A CISA advisory was issued yesterday for a new vulnerability (CVE-2020-14511) affecting Moxa EDR-G902 and EDR-G903 series routers, versions 5.4 and prior. The CISA advisory comes nearly a month after Moxa published its own advisory on June 15. Discovered by Claroty researcher Tal Keren, CVE-2020-14511 could allow an attacker to crash affected devices and/or carry out remote code execution.
Widely used across critical infrastructure sectors such as manufacturing, energy, and transportation, Moxa EDR-G902 and EDR-G903 are industrial VPN servers with an all-in-one secure router, which includes a firewall and network access translation (NAT). Since EDR G902/G903 are often exposed to the internet, attackers could potentially leverage the discovered vulnerability as a gateway to targeted operational technology (OT) environments.
Amid the current COVID-19 pandemic, far more employees are working from home than under normal circumstances, making many industrial OT environments particularly dependent on VPN solutions such as Moxa EDR-G902 and EDR-G903. Claroty researchers believe this heightened reliance may increase the potential impact of these vulnerabilities being exploited.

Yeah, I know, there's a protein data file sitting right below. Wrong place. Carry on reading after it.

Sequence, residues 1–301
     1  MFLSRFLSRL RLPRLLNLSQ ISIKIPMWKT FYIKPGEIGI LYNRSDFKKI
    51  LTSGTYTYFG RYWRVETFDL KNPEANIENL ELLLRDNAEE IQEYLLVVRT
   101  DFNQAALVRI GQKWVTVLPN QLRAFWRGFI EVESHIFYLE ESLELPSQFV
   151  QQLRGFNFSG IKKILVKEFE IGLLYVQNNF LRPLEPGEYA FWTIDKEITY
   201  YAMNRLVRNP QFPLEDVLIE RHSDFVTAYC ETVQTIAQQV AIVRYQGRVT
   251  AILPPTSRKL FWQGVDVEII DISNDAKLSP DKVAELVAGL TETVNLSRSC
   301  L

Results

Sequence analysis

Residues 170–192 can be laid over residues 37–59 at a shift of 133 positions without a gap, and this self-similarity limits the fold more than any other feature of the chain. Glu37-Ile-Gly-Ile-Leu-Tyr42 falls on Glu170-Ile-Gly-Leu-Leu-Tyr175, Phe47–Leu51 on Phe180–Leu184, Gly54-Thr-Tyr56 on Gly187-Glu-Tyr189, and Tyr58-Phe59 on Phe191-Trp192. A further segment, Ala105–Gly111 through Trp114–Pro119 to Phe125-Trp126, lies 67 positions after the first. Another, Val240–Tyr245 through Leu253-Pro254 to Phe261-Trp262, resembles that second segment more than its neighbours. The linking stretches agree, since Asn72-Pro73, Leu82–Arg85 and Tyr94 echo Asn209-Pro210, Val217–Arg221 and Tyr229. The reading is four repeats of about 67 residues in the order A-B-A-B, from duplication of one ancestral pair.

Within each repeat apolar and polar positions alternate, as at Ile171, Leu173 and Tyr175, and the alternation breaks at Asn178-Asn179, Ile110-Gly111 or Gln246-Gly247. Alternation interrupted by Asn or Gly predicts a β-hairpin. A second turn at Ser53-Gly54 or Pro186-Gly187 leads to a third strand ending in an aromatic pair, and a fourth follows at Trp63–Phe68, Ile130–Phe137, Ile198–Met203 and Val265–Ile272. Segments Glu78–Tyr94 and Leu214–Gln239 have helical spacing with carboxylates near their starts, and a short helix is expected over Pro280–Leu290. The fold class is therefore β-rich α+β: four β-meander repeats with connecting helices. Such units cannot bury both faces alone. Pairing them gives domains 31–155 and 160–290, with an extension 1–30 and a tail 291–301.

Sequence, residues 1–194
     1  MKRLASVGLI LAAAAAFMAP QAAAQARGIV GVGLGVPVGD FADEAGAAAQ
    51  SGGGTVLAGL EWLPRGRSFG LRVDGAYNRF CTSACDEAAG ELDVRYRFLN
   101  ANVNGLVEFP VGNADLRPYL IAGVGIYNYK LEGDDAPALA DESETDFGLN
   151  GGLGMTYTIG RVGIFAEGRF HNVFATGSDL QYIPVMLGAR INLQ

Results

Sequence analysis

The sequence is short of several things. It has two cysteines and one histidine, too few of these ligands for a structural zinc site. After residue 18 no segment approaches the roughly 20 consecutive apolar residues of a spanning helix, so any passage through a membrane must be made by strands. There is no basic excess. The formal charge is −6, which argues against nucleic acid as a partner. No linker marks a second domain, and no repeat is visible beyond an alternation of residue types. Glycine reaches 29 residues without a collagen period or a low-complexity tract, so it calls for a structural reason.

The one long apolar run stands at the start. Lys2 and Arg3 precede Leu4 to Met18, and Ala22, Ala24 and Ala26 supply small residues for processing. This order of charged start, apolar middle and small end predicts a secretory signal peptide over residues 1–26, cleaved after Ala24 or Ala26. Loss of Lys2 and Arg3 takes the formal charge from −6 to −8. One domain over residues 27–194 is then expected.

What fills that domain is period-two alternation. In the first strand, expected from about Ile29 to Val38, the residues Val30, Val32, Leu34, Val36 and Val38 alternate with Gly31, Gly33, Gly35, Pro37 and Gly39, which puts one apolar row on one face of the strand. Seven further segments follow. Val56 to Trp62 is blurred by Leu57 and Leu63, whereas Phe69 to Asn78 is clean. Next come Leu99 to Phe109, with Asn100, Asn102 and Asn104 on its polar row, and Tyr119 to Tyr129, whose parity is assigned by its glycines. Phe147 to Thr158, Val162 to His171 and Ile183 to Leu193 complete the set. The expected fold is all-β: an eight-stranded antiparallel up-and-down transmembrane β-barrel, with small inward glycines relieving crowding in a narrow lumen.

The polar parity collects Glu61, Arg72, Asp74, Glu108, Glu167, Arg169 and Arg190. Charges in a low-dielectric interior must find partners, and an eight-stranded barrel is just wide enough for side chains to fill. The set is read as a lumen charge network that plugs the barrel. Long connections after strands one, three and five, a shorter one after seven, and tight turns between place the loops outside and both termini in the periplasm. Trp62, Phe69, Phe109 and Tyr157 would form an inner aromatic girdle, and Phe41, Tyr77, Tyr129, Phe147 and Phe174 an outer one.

Classified as a stack-based overflow vulnerability (CWE-121), CVE-2020-14511 has been assigned a CVSS v3 base score of 9.8. Exploiting this vulnerability, a single, specifically crafted HTTP request could be enough to trigger a stack-based overflow in the system web server, potentially enabling remote code execution without authentication.
Moxa EDR-G902 and EDR-G903 use a GoAhead-based web server implemented in the /magicP/WebServer/webs binary to handle HTTP/HTTPS requests to port 80 and 443. To verify authentication, the websSecurityHandler function checks the cookie set by the client-side user before accessing any page.
At the beginning of the websSecurityHandler function, the cookie is copied to a static buffer on the stack. Since the user’s cookie length is not verified before being copied to the stack, an adversary could cause a stack-buffer overflow by providing a user-supplied cookie longer than 0x200 bytes. No prior authentication is required. From there, it could be relatively easy for an adversary to escalate the attack to fully execute remote code on the affected device.
The image below shows the pseudo code created by Claroty researchers based on their understanding of the websSecurityHandler function: